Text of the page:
Tag Archives: citrustrip

Let a little light in

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Let a little light in

As every body knows I kind of have a thing for up cycling and re-purposing.  I also have a thing for decorating my apartment. Recently, while changing my decorations to early spring (pinks in February and greens in March) I needed an easy to change centerpiece for my table.  So I was constantly keeping my eyes out for the “perfect” item.  At work I love the light fixtures known as “bare bulb” lights.  They were  used in the early 1900’s and these beautiful fixtures (also known as pan lights) had decoration in the sides and in the fixtures but no glass shades over the bulbs.  The idea was that if you were lucky enough to have these fixtures in your house you were also lucky enough to have these fancy new things called a light bulb.  And by showing off the light bulb you were showing off your luck. But what strikes me about these light fixtures if how detailed they can be and how most look like flowers.

The bare bulb light mid way through paint removal

The bare bulb light mid way through paint removal

As I was putting away a new stack of these fixtures (all badly broken, heavily painted, and less than perfect) it struck me.  The single light fixtures could be used as candle holders! I grabbed three of my favorite ones and started to strip the paint. I then swapped out the fairly nice light sockets for ones that no longer worked with my lighting lady at work.  Because why do I need to have working sockets hold candles on my table? Once all the paint was removed and sockets placed inside I became kind of sad, the metals of the fixtures weren’t very pretty.  So i bought a very pretty purple can of spray paint (Krylon Rich Plum) and spray painted a nice solid color on the three fixtures.

Just something about "rich plum"that says it all

Just something about “rich plum”that says it all

They were still missing something.  That’s when I took them to work and showed my coworkers.  My lighting lady pointed it out almost immediately flowers aren’t one solid color, they are several colors. So with a lighter lavender and a pink we spray painted the tops at an angel as the paint just glazed the fixtures.  Adding depth and color to my new flower candle holders.

A close up of my candle holder

A close up of my candle holder

My candle holder with Easter decor

My candle holder with Easter decor.

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Let’s face it I like to strip…

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Let’s face it I like to strip…Paint that is! Nothing brings me more satisfaction than to strip pain from a salvaged item.  I get sick pleasure for several reasons.  One, I like to see the history of the piece and its different lives with different owners.  Nothing says well loved like several layers of paint! The second is that I LOVE to pick and peal and scrub. Its an instant gratification, if I scrape or pick hard enough or long enough you can SEE what I’ve accomplished. There are several methods to my madness and since I’m hiding from my next project, I thought I would share my stripping methods.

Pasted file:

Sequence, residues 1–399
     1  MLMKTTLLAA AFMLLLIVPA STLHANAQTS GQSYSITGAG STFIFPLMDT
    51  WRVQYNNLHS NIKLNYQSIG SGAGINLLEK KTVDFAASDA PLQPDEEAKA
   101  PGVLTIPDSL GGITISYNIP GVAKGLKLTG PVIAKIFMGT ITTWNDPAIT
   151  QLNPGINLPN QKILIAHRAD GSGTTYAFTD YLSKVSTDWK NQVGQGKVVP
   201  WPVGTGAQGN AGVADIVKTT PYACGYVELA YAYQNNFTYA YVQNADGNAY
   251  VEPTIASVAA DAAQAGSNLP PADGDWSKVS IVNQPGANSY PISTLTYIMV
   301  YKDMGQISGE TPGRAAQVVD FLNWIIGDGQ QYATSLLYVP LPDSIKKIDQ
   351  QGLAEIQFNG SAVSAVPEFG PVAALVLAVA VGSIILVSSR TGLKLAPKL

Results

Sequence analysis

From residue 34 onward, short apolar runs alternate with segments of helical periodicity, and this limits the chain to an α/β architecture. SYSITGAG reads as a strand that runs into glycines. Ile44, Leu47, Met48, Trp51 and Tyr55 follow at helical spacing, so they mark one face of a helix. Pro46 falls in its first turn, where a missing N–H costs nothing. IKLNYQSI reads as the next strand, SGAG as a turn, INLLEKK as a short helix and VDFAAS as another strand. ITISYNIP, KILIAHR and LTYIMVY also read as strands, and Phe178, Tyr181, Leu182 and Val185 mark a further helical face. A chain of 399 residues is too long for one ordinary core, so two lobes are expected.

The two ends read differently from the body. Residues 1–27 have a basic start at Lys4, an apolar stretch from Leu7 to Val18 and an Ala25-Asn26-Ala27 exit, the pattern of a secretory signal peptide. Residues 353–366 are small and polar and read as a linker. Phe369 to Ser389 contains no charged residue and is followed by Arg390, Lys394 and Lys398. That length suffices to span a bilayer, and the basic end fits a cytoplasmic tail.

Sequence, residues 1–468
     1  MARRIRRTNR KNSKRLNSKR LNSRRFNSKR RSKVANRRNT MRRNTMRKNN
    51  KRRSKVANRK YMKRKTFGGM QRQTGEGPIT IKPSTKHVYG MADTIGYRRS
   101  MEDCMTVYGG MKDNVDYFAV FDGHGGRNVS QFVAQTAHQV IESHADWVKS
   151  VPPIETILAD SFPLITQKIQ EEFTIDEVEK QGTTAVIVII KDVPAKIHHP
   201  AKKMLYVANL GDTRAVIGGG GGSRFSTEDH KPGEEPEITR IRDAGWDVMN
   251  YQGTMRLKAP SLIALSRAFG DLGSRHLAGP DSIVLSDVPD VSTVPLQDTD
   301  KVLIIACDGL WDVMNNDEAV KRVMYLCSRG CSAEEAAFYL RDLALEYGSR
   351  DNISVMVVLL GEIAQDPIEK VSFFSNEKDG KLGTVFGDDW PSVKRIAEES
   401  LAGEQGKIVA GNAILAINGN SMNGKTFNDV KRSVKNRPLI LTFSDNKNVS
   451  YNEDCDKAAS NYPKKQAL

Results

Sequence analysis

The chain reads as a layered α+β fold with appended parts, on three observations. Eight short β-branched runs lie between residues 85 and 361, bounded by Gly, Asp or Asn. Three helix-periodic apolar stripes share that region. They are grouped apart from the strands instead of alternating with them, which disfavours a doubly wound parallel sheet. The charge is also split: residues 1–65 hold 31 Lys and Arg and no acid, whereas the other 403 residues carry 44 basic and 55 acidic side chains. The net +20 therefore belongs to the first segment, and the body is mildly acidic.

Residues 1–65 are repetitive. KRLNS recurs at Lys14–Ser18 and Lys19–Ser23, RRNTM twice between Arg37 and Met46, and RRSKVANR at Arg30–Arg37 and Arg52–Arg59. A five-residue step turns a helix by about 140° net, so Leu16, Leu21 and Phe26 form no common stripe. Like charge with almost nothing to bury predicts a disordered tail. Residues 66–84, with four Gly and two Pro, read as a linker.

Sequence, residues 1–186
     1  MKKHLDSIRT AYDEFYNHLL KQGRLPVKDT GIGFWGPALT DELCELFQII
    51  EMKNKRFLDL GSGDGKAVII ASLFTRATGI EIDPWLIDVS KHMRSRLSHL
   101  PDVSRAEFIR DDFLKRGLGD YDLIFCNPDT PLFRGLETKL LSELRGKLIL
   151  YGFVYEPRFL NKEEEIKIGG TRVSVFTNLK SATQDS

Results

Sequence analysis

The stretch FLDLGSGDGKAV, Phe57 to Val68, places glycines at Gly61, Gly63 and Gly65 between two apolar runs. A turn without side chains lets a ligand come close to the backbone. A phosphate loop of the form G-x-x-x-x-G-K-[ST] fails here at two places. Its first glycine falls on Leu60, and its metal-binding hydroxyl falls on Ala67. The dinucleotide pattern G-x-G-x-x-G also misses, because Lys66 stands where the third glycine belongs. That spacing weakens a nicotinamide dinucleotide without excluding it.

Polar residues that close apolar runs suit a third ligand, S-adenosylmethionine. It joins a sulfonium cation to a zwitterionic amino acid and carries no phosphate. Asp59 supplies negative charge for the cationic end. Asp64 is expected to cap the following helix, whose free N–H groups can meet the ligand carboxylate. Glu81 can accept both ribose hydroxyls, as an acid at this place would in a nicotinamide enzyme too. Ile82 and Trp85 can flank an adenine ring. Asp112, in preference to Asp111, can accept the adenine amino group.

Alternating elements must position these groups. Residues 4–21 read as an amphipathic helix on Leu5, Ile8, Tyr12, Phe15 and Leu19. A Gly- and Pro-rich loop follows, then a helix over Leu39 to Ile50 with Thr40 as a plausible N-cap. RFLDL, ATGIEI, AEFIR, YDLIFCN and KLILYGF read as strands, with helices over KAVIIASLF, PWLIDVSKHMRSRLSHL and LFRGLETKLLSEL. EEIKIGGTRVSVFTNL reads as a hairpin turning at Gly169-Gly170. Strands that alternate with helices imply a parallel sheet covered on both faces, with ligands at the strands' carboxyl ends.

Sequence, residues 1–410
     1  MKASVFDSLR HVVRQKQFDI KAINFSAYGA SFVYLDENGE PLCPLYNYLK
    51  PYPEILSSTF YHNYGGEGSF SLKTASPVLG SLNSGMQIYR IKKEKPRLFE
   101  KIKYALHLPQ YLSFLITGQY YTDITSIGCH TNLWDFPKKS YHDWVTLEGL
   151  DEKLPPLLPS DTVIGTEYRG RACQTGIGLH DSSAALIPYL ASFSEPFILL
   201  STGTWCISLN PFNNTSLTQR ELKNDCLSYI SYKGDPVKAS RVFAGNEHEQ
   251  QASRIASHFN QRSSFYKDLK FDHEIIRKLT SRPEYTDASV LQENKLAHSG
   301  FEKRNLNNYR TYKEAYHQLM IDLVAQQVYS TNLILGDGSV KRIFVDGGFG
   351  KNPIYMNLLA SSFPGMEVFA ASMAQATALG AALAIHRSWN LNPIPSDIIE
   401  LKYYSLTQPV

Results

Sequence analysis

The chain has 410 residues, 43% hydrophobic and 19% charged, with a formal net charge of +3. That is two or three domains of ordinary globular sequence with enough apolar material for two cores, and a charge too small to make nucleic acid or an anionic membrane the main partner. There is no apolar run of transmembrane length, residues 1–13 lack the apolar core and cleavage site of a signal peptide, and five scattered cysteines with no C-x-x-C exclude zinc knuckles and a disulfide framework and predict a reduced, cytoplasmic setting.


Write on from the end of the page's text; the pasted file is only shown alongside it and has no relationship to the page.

A fun look at paint history

A fun look at paint history

Heat Gun: I want to love this method of paint stripping; I really do! But sadly its not my favorite.  A Heat Gun is an over sized hair dryer that with heat, patience, and scrapping tools literally peals the paint off in strips. You must be careful not to burn your wood under the paint.   Dan is much better at this method than I am, which i find ironic since I use a blow dryer daily and he, well, has no hair. But none the less using the heat gun= lots of patience which sadly I lack.

Chemicals (Methylene-chloride): works GREAT…if you have a well ventilated area and thick gloves to protect your skin from the harsh chemicals.  Chemicals like paint removers or strippers work wonders but I prefer to not kill brain cells or my cats since I am doing everything in my apartment. Its important to always wipe the chemicals off the clean product with either a paint stripper or mineral spirits.  This helps to remove all the chemicals you can’t see.

Safe Strippers (all natural strippers): This is my preferred method.  “The Orange Crap” as Dan so lovingly calls CitruStrip and Natures Strip are my favorite. It’s expensive but works great and doesn’t kill my brain cells while working in the apartment.  Apply fairly thick layer of stripper on your project and just wait.  Depending on the thickness of the old paint it will quickly start to resemble crackle paint and within hours, using a scraper, your paint comes off in giant globs. I have also found if you put the item in a plastic bag or put wax paper on your project after you apply the stripper, the moisture stays in and works faster and better. AMAZING!

High Phosphate Detergent (ie SUPER cheap laundry soap): This is a trick I learned from Earthwise. Mix the cheap Dollar Store Laundry soap with very hot water . Place your metals and glass hardware in it and wait until you can comfortably place your hands in the water. The paint comes right off. This works great for cleaning my hinges, pulls, knobs, screws, and even  art deco floor grates.

Sanding: Let’s first start by saying I HATE sanding.  This is Dan’s job, well when I convince him to help, it’s his job.  I love using the orbital hand sander and I love the instant smoothness but I hate the mess it causes. So when it comes to sanding as a form of stripping paint, this would be my least favorite.  BUT if you have patience, and lots of sand paper it works  well, just a tad slow going.